US 2615234 A
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H. METHOD OF MAKING AN INTEGRALLY REINFORCED Oct. 28, 1952 F. DUMBLETON AIRPLANE CONSTRUCTION 2 SHEETSSHEET 1 Filed March 4, 1948 INVENTQR HAROLD F. DUMBLETON ATTORNEYS Oct. 28, 1952 DUMBLETQN 2,615,234
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INVENTOR HAROLD F. DUMBLETON M MAM ATTORNEYS Patented ocuzs, 1952 UNITED STATES I-ATENT OFFICE METHOD OF MAKING AN INTEGRALLY REINFORCED AIRPLANE CONSTRUCTION Harold F. Dumbleton, Alhambra, Calif as'signor to Western Equipment Company, Los 'Angele Calif a partnership ApplicationlllIarch 4, 1948, Serial-No. 12,906
This invention has to do with aircraft construction, relating'more particularly to providing a construction wherein the metal sheets for 1 Claim. (01. 29-148.2)
wings, fuselages, et cetera, are made with integral reinforcing ribs, flanges and the like of relatively varied thickness.
In aircraft construction it is among the major aims, of course, to eliminate unnecessary weight to allow for added pay load, to reduce the number of rivets and bolts used to hold separate parts together without sacrificing strength, and to .provide joints across which loads may be efflciently carried. In this latter construction it has been the conventional practice to add doubler plates and other fittings at the joints between spanwise sheets to carry the flange loads across the joints.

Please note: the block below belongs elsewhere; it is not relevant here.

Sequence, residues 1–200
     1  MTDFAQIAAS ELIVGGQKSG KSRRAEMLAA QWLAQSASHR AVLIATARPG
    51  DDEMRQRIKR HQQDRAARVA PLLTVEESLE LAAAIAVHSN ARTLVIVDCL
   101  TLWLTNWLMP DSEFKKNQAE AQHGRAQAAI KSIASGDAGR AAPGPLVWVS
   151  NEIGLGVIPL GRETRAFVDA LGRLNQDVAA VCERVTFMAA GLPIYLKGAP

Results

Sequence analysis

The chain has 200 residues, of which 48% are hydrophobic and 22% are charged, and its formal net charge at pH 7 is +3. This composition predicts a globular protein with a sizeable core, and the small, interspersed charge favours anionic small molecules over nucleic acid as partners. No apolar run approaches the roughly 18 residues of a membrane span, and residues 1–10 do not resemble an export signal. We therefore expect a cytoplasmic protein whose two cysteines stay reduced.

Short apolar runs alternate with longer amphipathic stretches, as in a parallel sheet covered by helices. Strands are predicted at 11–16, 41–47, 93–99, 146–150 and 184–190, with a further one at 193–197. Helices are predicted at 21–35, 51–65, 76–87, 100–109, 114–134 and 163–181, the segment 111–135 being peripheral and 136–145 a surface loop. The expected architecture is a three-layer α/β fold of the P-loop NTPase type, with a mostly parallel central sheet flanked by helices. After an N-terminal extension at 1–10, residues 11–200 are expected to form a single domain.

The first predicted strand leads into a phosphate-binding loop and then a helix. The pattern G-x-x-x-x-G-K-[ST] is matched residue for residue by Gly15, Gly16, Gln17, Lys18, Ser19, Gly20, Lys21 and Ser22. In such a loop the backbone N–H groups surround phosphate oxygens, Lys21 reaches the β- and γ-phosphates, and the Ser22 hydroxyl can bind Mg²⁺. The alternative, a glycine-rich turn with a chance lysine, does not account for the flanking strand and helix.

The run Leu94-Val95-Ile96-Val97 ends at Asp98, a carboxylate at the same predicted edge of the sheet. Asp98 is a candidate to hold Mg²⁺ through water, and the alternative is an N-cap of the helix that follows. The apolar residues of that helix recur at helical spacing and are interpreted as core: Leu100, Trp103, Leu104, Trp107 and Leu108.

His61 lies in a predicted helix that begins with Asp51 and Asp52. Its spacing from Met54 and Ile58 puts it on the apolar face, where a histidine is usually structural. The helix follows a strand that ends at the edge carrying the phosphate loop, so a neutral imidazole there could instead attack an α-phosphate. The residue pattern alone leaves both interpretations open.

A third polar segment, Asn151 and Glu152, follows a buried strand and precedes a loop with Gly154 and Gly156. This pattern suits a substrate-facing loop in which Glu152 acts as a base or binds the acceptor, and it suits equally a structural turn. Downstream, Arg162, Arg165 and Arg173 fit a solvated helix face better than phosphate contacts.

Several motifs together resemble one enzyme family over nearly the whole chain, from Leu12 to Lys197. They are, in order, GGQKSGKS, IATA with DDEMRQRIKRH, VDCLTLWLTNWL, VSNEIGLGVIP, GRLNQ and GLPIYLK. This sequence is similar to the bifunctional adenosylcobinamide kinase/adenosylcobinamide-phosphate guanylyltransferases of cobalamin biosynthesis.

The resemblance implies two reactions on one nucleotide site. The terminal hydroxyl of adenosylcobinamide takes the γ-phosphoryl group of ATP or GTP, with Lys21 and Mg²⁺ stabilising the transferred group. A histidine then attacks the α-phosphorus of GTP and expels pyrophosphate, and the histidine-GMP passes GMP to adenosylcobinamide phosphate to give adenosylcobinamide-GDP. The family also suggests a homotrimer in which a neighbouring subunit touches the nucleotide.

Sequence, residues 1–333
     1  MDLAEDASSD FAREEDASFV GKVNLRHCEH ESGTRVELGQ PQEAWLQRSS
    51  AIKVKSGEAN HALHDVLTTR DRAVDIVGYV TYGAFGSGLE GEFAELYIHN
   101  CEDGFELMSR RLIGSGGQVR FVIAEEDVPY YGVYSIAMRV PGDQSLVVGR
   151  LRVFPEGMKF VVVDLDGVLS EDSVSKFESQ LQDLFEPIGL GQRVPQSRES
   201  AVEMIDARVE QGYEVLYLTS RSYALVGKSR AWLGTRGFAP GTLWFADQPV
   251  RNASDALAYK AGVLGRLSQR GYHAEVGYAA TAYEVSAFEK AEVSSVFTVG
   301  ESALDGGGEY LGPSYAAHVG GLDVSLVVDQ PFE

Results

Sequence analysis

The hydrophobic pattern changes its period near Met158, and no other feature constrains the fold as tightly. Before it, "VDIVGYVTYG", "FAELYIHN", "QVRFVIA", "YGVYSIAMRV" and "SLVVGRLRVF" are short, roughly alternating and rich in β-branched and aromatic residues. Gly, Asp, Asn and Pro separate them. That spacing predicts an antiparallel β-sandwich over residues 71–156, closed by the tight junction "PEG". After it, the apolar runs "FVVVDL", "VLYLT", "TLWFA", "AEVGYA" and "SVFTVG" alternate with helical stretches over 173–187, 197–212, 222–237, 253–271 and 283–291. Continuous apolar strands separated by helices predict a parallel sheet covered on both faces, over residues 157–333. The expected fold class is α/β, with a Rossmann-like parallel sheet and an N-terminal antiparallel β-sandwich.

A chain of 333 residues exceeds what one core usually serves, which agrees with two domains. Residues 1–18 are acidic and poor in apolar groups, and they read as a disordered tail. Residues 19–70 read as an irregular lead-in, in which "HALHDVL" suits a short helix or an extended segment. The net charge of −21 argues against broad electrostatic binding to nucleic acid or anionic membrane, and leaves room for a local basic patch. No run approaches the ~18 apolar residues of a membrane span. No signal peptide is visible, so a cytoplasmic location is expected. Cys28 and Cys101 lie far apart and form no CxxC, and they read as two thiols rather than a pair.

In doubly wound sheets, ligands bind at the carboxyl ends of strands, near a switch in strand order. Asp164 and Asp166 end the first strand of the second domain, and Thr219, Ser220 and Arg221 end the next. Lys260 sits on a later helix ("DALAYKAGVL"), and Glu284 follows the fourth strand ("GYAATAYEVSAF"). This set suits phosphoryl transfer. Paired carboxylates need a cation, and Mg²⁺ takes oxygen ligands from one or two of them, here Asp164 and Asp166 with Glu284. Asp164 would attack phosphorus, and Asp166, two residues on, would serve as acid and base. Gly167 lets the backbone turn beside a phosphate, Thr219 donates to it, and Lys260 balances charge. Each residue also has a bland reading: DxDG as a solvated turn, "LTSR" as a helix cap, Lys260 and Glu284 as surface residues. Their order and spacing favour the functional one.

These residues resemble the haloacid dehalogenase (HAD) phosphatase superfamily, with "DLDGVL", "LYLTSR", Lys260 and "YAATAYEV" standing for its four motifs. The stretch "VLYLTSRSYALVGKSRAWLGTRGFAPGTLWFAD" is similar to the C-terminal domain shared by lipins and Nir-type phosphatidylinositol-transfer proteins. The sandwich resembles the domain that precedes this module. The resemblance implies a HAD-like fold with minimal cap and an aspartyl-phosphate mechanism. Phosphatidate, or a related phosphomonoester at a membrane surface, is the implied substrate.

Aside from the fact that this requires added parts and wasteful overlapping of material, the transferof loadsto such plates or fittings involves the use of numerous rivets or bolts, so that in addition to the weight and cost factors, the rivet or bolt holes remove portions of the flange material so that the net section, in stress, is less than the basic flange area. To offset this the basic flange area must be increased.
While the advantages of integral reinforcing and stiffening are well known, heretofore no practical means or method of accomplishing it has been devised. Metal castings cannot be usedbecause of the prohibitive weight of cast materials occasioned by their relatively low allowable strength, and forgings are impractical because of size limitations.